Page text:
Referring now to the drawings, and in particular to FIGS. 1 and 2, there is shown for illustration a 20 ampere, explosionproof, combination switch and receptacle generally 10 including a receptacle housing 11, a cover 12 hinged to the housing at 13 (and biased toward its closed position by a cover biasing spring 15), and also an externally threaded subassembly generally at 17 carried inside housing 11. Although the specific subject matter of this invention is contained within subassembly 17, a brief description of the entire receptacle 10 will be presented herein to clarify the invention's use in a practical application.
Receptacle housing 11 includes a tubular main body portion 18 and a mounting flange 20. Tubular portion 18 extends outwardly from the plane of flange 20 at an angle of approximately 60 is mounted vertically on a back box (not shown), the tubular portion slopes downwardly to avoid trapping and holding moisture or other contaminants therein. The inner surface of tubular portion 18 is partially threaded as at 21 so that externally threaded subassembly 17 can be screwed into the internally threaded tubular portion 18 from the flange end both to locate it properly therein and to create a threaded explosionproof barrier between the back box to which the receptacle 10 is mounted and the outer, surrounding environment.
Internal subassembly 17 houses the subject matter of this invention and includes a number of components including front terminal block 22, rear terminal block 23, an outer sleeve 24 comprises a thin walled tube carrying threads both internally and externally. Each of the terminal blocks 22 and 23 has an external thread thereon that mates with the internal thread inside sleeve 24. Subassembly 17 is assembled by axially aligning the two terminal blocks and, while holding them in contact with one another, screwing them a predetermined distance into the sleeve 24 from its front.
Rearwardly extending fingers on faceplate 25 that correspond to mating depressions in front terminal block 22 permit the faceplate to be snugly pressed onto the front face of terminal block 22 and held there in the proper orientation. As will be described more fully later, front terminal block 22 with faceplate 25 pressed thereon has some degree of rotational mobility relative to rear terminal block 23 and the sleeve 24 by virtue of its threaded engagement with sleeve 24. Faceplate 25 has three holes therethrough including an "I" shaped slot 25A, a "T" shaped slot 25B, and also a substantially round hole 25C. Slots 25A and 25B accept blade contacts therethrough, while hole 25C accepts a ground terminal. As will be appreciated, "T" shaped slot 25B will accept a male blade contact in either of two angular orientations 90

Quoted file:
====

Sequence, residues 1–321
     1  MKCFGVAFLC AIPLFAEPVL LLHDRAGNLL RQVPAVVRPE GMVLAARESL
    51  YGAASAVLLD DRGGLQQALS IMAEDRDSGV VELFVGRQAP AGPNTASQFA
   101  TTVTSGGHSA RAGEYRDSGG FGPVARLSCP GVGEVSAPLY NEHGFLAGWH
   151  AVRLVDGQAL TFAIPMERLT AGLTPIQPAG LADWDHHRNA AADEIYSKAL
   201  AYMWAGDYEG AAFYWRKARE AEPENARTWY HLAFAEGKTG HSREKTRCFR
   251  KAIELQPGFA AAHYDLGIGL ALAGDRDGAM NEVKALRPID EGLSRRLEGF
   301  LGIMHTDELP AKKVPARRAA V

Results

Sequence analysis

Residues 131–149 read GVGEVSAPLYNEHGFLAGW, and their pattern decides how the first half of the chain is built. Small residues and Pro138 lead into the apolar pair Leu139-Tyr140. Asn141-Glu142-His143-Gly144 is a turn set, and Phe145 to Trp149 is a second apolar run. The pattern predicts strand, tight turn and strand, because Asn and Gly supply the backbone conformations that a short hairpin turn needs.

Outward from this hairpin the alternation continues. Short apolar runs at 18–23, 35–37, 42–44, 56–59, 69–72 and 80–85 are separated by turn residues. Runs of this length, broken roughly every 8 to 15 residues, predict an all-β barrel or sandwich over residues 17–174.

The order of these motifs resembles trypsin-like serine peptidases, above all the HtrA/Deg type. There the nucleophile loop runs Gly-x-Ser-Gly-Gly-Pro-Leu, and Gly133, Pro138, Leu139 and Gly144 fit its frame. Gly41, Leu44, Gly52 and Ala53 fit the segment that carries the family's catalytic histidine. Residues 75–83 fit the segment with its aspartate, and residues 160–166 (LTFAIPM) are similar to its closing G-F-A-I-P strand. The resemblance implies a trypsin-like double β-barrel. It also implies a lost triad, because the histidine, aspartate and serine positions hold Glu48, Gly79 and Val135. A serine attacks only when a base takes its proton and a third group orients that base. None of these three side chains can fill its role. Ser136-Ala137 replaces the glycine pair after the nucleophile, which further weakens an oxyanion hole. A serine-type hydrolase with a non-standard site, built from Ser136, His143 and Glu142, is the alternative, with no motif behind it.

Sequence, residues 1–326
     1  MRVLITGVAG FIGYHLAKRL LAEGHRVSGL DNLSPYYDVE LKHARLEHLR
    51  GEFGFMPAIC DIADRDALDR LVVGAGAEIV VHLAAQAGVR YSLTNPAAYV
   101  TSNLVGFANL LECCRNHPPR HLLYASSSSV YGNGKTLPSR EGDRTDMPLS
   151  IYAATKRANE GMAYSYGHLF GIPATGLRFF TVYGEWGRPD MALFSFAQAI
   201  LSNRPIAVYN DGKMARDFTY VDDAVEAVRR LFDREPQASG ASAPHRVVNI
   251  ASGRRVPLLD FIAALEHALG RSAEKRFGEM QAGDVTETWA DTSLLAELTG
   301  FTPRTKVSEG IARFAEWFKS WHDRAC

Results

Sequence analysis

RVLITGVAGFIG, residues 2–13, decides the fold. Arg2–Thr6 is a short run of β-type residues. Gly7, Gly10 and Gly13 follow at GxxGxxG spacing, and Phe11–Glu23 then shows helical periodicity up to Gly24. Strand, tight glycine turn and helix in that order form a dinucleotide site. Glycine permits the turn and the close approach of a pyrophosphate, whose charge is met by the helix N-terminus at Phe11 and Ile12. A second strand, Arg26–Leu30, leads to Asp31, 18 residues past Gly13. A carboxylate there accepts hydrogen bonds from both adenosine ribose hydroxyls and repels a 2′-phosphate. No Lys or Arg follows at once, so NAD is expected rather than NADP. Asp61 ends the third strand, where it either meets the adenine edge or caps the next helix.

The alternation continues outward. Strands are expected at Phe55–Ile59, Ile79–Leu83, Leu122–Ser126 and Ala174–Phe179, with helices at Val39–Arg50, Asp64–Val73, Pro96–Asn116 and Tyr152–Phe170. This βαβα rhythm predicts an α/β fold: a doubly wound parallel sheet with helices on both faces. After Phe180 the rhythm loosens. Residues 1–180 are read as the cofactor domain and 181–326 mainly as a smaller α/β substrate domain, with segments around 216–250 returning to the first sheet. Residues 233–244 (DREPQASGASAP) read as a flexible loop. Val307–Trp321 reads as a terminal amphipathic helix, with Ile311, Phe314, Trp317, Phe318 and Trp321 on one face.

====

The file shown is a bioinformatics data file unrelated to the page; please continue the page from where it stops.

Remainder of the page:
The forward, radially outermost surface of sleeve 24 is threaded as at 26 so that the entire subassembly 17 can screw into receptacle housing 11 as a unit. Once screwed snugly into place and locked therein, rear terminal block 23 and outer sleeve 24 are constrained against rotation, however as noted earlier, front terminal block 22 remains free to pivot through a small arc of perhaps 30 24 and the rest of the receptacle by virtue of its loose threaded engagement with sleeve 24.
Insert molded into front terminal block 22 (note both FIGS. 2 and 3) is a ground terminal 27 and a pair of female electrical terminals 28A and 28B. Ground terminal 27 lies directly behind hole 25C in the insulating faceplate, and electrical terminals 28A and 28B are aligned directly behind slots 25A and 25B, respectively.
Referring now to FIGS. 4-7, terminals 28A and 28B are preferrably machined, but they also could be sintered or otherwise formed from any electrically conductive material such as brass. The front or plug contact end 30 of terminals 28A and 28B have an outer cylindrical surface with a pair of longitudinally extending cross-slots 31 therein forming four longitudinally extending fingers 32. The forwardmost end of each of cross-slots 31 includes two radii 31A to facilitate insertion of the mating male blade contact. Preferably, the slots 31 are machined to the same width as the thickness of blade contacts 50, 51, and thereafter they are deformed slightly toward one another to provide a compressive contact force after the male blade is inserted therein. The other end 33 of terminal 28 is shaped to provide means for making an electrical connection with the electrical power source (not shown). Although these means could take a number of different forms, herein they comprise a switch contact. End 33 has a flat 34 formed thereon which could be used to act as the contact itself, or where a higher quality contact is required, a button shaped contact 35 of silver or the like can be bonded thereto by welding or by any other suitable means. Flat 34 of contact 28A is machined in the same plane as one of the slots 31 on the other end of that terminal, however it will be understood that flat 34 of contact 28B is machined at an approximately 45 end of the terminal.